05 January, 2010

In 1Malaysia, orang Asli Christians lost a two-year court battle seeking basic amenities at their village church.

The High Court here struck out the 2007 suit by a group of Jahut Christians from Kampung Pasu against the Temerloh Land and District Office and the Pahang state government for disconnecting power and water supplies to their village church in Kampung Pasu here.

The government lawyer,Kamal, said the judge made a brief reference to Sections 6 and 7 of the Aboriginal Peoples Act 1954, which supposedly gives the state authorities the power to gazette an area as “Aboriginal Land.”

“the state authorities are the ones to gazette if an area is [an] Orang Asli area.”

Controversy over the village church, which follows the popular East Malaysian Sidang Injil Borneo (SIB) denomination first erupted in 2003, Annou explained.

Some 70 Christians in Kampung Pasu had pooled together their money to build a small church in the backyard of village elder, Wet bin Ket — with his permission — in July of that year.

But within the same month, the Temerloh Land and District Office, better known by its Malay initials PTD, issued a letter warning that it regarded the church as encroaching on government land and demolished it three years later.

The Christian villagers complained to then Prime Minister Datuk Seri Abdullah Badawi who subsequently compensated them RM35,000 to rebuild the church.

But their bid for water and electricity to be supplied to the rebuilt church was rejected by the PTD.

In a letter dated October 8, 2007, the PTD explained that the church should not be given water and electricity because it is an illegal structure built on ungazetted land and the church had no approval from the state government to be built, as is required under state law for non-Muslim places of worship.

Meanwhile, he home minister and the government filed a stay of execution today against the High Court ruling last Thursday which allowed the use of the word "Allah" in the Catholic weekly Herald.

The application was filed by Senior Federal Counsel Andi Razalijaya A. Dadi, representing the home minister and the goverment, at the High Court registry at about noon.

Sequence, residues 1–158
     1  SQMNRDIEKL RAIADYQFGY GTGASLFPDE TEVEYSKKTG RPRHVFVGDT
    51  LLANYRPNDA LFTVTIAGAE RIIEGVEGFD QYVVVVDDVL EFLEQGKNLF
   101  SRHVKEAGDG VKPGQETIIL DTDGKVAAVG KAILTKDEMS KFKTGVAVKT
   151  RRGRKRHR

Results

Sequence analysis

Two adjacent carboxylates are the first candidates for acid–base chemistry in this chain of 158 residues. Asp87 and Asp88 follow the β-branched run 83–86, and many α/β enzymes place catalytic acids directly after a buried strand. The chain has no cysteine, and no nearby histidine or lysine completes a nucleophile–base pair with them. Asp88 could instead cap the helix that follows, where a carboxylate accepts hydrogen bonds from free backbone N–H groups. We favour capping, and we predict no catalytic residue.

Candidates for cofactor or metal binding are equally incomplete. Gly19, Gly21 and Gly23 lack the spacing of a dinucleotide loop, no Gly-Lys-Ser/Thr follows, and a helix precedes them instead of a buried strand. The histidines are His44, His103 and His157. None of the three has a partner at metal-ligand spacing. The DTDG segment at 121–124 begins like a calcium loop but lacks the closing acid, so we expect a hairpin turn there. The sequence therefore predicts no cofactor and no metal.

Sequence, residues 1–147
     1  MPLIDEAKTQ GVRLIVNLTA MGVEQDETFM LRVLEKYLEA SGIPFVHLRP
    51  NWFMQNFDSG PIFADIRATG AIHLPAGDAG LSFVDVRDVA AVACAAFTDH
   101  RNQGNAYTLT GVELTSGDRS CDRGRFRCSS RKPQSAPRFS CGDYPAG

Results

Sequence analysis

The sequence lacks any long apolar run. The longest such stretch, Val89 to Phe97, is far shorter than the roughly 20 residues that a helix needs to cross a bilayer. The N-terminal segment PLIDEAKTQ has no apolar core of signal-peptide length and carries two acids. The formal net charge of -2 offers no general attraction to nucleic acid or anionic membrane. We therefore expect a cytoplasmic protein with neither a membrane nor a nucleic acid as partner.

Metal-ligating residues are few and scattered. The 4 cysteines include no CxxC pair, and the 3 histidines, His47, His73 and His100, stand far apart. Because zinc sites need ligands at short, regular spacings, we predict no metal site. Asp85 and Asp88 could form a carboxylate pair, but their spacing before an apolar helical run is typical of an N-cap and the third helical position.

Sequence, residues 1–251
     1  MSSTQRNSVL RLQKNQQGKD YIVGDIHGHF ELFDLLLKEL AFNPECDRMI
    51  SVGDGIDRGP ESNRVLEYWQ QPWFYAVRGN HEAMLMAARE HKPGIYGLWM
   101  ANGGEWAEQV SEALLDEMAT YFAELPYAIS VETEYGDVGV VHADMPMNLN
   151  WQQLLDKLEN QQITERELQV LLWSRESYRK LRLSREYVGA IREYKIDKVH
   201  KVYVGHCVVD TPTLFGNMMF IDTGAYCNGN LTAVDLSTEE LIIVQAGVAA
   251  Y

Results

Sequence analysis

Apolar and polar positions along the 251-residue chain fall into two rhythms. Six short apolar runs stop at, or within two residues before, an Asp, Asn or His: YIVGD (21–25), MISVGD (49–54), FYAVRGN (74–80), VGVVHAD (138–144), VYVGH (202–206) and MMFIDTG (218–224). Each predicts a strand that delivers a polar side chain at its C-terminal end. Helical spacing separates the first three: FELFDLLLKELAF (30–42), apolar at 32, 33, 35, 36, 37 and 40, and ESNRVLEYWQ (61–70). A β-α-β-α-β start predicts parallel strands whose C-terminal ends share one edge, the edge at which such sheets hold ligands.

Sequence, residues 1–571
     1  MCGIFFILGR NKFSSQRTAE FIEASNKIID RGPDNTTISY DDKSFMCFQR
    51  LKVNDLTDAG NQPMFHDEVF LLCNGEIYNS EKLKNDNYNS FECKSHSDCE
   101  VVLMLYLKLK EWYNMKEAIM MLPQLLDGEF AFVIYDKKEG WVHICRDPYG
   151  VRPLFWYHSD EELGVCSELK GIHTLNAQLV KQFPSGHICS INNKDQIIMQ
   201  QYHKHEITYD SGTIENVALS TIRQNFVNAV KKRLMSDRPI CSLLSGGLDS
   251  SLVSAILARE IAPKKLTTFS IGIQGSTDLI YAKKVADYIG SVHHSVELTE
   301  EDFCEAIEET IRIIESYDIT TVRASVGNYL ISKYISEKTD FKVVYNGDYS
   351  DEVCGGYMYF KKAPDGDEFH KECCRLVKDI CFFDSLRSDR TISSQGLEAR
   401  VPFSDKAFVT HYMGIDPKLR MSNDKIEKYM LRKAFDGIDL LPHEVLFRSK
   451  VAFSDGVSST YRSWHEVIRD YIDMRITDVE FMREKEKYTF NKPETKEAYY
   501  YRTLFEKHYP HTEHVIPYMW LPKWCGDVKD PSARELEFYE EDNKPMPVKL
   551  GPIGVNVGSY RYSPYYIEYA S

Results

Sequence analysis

The application was filed together with a certificate of urgency for an early hearing date.

In Kuala Lumpur, 13 mostly Islamic-based NGOs on Jan. 3 filed a police report opposing the "Herald's" use of the word "Allah," while some 10,000 people have reportedly joined a Facebook group page to oppose the court decision.

Nik Aziz Nik Mat, spiritual leader of the PAS, part of the opposition alliance, however, said it is permissible for followers of Abrahamic faiths to use the term "Allah." He cautioned, however, that the term could be misused, and that Christian and Muslim leaders should engage in dialogue.

Earlier, Chandra Muzaffar, president of the Malaysia-based human rights organization Just International said that the word "Allah" was already in use before the time of Prophet Muhammad.

He added that Muslims have to recognize that some Christians use the term and that it also appears in the Sikhs' holy book, the Guru Granth Sahib.

However, "Allah" for Muslims has a certain meaning and notion -- that of pure monotheism, he explained. "When Muslims use the term they know what it means. (But) if others want to use the term and give it their own meaning, that's their business. We should be tolerant of this."

Should you be able to call your God whatever you want ?

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Blogger daniel said...

I have always been curious about functionality in websites and, well, the world in general. I read this article with great interest. It does seem to me that the reason we comment is to speak our minds so why not have the comment field first? However, as others have pointed out, one gets used to the conventions regardless of reason.

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January 07, 2010 7:47 AM  

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